Google+ for Business: Read the Terms

October 1, 2012

By Doug Miller

On August 29, Google announced a preview of its Google+ social networking offering as a premium product for business. Google+ for Business will be made available to contracted Google Apps customers (including Google Apps for Business, Government and Education). This is exciting news for Google Apps customers who want to take advantage of Google+ in their workplace but want more control over how the service is used. Some of the key features include:

  • Private company sharing
  • Private online video meetings
  • Ability to restrict user’s posts
  • Ability for administrators to control default company settings

However there is one thing company owners need to be aware of that may not be obvious with this new offering. This service is not part of the Google Apps suite – at least not yet.
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Galaxy Tab Tune-up

April 6, 2012

By Doug Miller

One of my favorite devices is my now ancient Samsung Galaxy Tab which runs Android Gingerbread. This is the original 7 inch Tab and in fact I bought it from an online store in the UK well before it was available in the US. I got the international GSM version and this device not only has a full-time 3G data capability but it also makes phone calls as a cell phone. It has worked fine on AT&T and I even occasionally use it as a cell phone with a Bluetooth headset. I pop in a Virgin Mobile Canada SIM chip when I travel to Canada and can use the device without incurring roaming charges. I love the size, the instant on and the full time connection to the net no matter where I am. While I have an iPad I almost never use it. It is too big for me as a portable device. Same goes for my Windows Tablet – not quite instant on yet and a way too big for throwing in my coat pocket as I run out the door. Hopefully when Windows 8 launches there will be devices similar to the form factor of the 7 inch Galaxy Tab.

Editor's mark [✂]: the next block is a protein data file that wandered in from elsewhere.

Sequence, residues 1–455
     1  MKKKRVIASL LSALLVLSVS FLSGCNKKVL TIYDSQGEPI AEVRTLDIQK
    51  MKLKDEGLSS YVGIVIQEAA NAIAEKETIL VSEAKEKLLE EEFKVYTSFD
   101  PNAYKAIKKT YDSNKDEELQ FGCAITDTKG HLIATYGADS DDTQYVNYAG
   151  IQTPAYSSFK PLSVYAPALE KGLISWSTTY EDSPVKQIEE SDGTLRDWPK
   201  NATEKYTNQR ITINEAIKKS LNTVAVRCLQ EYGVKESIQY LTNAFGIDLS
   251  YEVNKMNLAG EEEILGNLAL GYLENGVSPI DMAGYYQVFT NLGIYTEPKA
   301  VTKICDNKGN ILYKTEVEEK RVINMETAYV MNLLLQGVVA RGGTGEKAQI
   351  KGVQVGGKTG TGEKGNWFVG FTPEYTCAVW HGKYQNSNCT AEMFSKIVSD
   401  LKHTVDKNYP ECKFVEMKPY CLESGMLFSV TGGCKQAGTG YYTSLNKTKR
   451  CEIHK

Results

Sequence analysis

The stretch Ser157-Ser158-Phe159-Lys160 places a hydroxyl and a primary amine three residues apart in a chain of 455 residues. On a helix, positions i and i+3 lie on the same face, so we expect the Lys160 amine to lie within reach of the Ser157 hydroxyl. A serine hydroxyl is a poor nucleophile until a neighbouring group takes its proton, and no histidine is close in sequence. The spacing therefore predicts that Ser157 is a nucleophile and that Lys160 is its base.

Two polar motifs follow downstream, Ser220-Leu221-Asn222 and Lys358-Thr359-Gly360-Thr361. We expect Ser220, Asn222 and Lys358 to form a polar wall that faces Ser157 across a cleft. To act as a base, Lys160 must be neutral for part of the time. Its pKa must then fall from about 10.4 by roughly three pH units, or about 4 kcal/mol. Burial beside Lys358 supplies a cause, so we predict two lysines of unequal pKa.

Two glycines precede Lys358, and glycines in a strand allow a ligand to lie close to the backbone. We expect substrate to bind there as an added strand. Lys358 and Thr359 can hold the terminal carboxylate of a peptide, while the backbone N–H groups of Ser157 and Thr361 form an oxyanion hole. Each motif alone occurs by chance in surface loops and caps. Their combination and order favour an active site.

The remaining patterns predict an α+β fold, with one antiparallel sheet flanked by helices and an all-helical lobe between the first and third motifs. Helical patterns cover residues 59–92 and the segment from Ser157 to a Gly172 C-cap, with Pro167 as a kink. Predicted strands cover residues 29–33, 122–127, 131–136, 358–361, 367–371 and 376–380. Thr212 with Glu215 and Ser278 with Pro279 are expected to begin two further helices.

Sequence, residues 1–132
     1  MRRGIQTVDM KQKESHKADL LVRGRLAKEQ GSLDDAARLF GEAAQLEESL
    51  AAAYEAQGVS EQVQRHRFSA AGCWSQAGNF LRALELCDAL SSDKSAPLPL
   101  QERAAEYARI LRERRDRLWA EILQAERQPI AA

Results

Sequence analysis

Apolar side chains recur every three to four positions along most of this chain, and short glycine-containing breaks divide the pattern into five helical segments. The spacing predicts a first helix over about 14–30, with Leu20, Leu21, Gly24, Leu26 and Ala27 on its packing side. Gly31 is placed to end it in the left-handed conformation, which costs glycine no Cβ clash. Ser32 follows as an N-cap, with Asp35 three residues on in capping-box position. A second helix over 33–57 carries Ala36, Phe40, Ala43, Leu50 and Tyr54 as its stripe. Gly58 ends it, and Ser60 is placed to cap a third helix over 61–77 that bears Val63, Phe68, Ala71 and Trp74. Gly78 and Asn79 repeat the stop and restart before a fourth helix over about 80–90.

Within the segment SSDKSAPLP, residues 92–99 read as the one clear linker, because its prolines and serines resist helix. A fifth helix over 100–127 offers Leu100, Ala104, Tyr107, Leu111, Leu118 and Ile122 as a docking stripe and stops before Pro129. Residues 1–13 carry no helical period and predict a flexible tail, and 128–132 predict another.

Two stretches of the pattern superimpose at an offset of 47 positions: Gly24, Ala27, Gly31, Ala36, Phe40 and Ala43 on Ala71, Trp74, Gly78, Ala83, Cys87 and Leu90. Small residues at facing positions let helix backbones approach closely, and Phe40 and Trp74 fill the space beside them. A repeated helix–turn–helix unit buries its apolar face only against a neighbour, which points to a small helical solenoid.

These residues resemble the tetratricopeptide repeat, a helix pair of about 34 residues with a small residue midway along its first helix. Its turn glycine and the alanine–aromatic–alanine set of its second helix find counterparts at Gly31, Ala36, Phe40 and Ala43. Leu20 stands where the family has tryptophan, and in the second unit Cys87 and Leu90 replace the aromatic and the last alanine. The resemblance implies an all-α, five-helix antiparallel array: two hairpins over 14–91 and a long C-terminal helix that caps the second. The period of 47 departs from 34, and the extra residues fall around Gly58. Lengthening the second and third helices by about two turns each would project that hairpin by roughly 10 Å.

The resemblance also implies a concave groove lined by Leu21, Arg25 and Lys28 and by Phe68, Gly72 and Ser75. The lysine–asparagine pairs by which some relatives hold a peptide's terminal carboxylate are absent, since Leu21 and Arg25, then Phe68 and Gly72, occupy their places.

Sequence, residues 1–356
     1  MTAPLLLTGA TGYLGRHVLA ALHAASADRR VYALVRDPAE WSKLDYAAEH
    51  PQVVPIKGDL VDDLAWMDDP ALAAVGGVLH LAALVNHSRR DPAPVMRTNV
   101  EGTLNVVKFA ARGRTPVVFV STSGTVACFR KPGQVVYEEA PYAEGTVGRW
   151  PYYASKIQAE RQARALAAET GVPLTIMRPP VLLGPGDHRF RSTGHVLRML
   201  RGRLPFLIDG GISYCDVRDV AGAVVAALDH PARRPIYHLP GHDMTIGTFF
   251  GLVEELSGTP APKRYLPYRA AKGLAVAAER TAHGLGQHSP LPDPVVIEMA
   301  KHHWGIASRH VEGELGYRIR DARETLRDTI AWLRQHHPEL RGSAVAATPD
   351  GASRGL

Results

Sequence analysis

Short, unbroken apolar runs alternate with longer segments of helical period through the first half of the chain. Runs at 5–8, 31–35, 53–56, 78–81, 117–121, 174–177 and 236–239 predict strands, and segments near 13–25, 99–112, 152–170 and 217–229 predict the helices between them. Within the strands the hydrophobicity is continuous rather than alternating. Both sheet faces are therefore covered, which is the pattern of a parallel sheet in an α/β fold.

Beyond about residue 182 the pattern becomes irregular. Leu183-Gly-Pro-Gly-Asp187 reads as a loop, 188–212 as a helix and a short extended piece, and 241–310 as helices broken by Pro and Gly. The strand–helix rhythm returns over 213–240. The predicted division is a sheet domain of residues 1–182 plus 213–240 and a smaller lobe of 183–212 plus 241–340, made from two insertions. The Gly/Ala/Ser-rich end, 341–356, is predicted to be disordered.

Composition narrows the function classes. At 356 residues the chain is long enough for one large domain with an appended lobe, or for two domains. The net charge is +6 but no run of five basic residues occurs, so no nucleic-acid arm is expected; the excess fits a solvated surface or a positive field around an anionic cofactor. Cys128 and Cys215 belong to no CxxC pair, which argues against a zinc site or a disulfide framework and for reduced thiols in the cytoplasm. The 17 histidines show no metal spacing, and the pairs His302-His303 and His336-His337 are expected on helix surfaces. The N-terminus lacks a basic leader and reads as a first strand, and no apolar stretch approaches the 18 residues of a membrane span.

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Spies Around Me

April 4, 2012

By Jeff Gould

Imagine the following scenario.

Sitting in a crowded bar, a red-headed bombshell casually studies a map of Washington’s Adams Morgan neighborhood on the screen of her iPhone. Overlaid at various spots on the map are thumbnail photos of men. Under each man’s image is the name of his employer. Department of Commerce, Department of Labor, IRS, Department of Homeland Security, Department of Energy… Yes. She taps the last icon and a Facebook page pops up, which she reviews for several minutes, carefully memorizing each detail. Then she lifts her head and scans the room. After a moment, she focuses briefly on someone sitting at a nearby table. She glances at her iPhone to confirm the resemblance, then puts the device away.
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